Satire is an ancient practice viewed, by people who view such things, as the oldest and most trenchant way to observe society. Given people’s natural tendency to poke fun, I’m sure it was a common occurrence around the evening fire. It took the Ancient Greeks and Romans to formalized the delivery of satire and make it an art form. I’ve read various origins of the word satire — everything from a spin on those half goat/half men satyrs to the Latin lanx satura which literally means “a full dish of various fruits”. I can see both in the word origins, it’s all good.
Some cultures have perfected satire to the point of the humor being lost on most Americans. I happen to think British humor is hysterical. 😀
This time around, I’m taking a look at the ironic side to satire which pokes fun through opposites. There are three main forms of irony found in Satire. I’ll begin with Situational irony – that is, comparing what is expected to happen with what actually happens.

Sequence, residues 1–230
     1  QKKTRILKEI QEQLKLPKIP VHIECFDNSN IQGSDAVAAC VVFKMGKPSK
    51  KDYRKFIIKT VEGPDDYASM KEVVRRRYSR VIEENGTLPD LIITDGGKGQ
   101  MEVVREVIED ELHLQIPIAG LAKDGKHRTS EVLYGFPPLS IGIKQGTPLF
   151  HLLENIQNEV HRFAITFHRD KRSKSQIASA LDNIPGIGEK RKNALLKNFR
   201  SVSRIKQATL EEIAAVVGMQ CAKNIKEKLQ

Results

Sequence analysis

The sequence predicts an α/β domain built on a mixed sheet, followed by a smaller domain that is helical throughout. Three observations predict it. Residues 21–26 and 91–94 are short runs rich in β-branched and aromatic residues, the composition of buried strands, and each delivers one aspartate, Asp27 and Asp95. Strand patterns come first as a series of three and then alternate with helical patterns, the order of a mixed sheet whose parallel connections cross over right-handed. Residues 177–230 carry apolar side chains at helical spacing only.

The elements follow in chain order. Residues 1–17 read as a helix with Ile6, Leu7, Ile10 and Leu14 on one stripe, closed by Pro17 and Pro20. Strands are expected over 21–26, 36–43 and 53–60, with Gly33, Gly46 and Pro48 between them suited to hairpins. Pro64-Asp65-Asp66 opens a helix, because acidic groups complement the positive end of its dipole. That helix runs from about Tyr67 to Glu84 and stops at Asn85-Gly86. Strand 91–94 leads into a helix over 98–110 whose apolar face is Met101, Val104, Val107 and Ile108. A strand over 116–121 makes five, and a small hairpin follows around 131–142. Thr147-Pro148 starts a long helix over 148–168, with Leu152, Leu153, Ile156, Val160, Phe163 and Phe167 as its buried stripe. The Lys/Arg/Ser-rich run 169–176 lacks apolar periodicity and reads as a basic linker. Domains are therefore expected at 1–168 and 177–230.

I remember such a scene many years ago when dating the man destined to become my husband. We were visiting his parents house and in a corner of the back yard sat an old rusted push mower surrounded by grass that had grown in and around it. I expected him to say he needed to mow the grass for his parents. Instead, he pointed there and said, “I’ve waited all year to take that picture.” I found that hysterical. His wit was one of the reasons I married him. He still makes me laugh. 😉
Here’s another cute example of Situational Irony:
Tomorrow — Verbal Irony!
I’m participating in the Trifecta this week.
“There is never a time or place for true love. It happens accidentally, in a heartbeat, in a single flashing, throbbing moment.”
~ Sarah Dessen
We’re also taking part in author Sam Cheever’s Trick or Treat Street contest.
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And coming later this week and next….